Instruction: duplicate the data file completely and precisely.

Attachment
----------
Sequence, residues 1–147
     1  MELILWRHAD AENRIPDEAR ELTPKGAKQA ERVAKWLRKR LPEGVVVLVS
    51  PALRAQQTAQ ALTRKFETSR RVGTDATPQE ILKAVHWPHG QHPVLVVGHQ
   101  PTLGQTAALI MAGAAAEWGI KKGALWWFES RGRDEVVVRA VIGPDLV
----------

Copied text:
Sequence, residues 1–147
     1  MELILWRHAD AENRIPDEAR ELTPKGAKQA ERVAKWLRKR LPEGVVVLVS
    51  PALRAQQTAQ ALTRKFETSR RVGTDATPQE ILKAVHWPHG QHPVLVVGHQ
   101  PTLGQTAALI MAGAAAEWGI KKGALWWFES RGRDEVVVRA VIGPDLV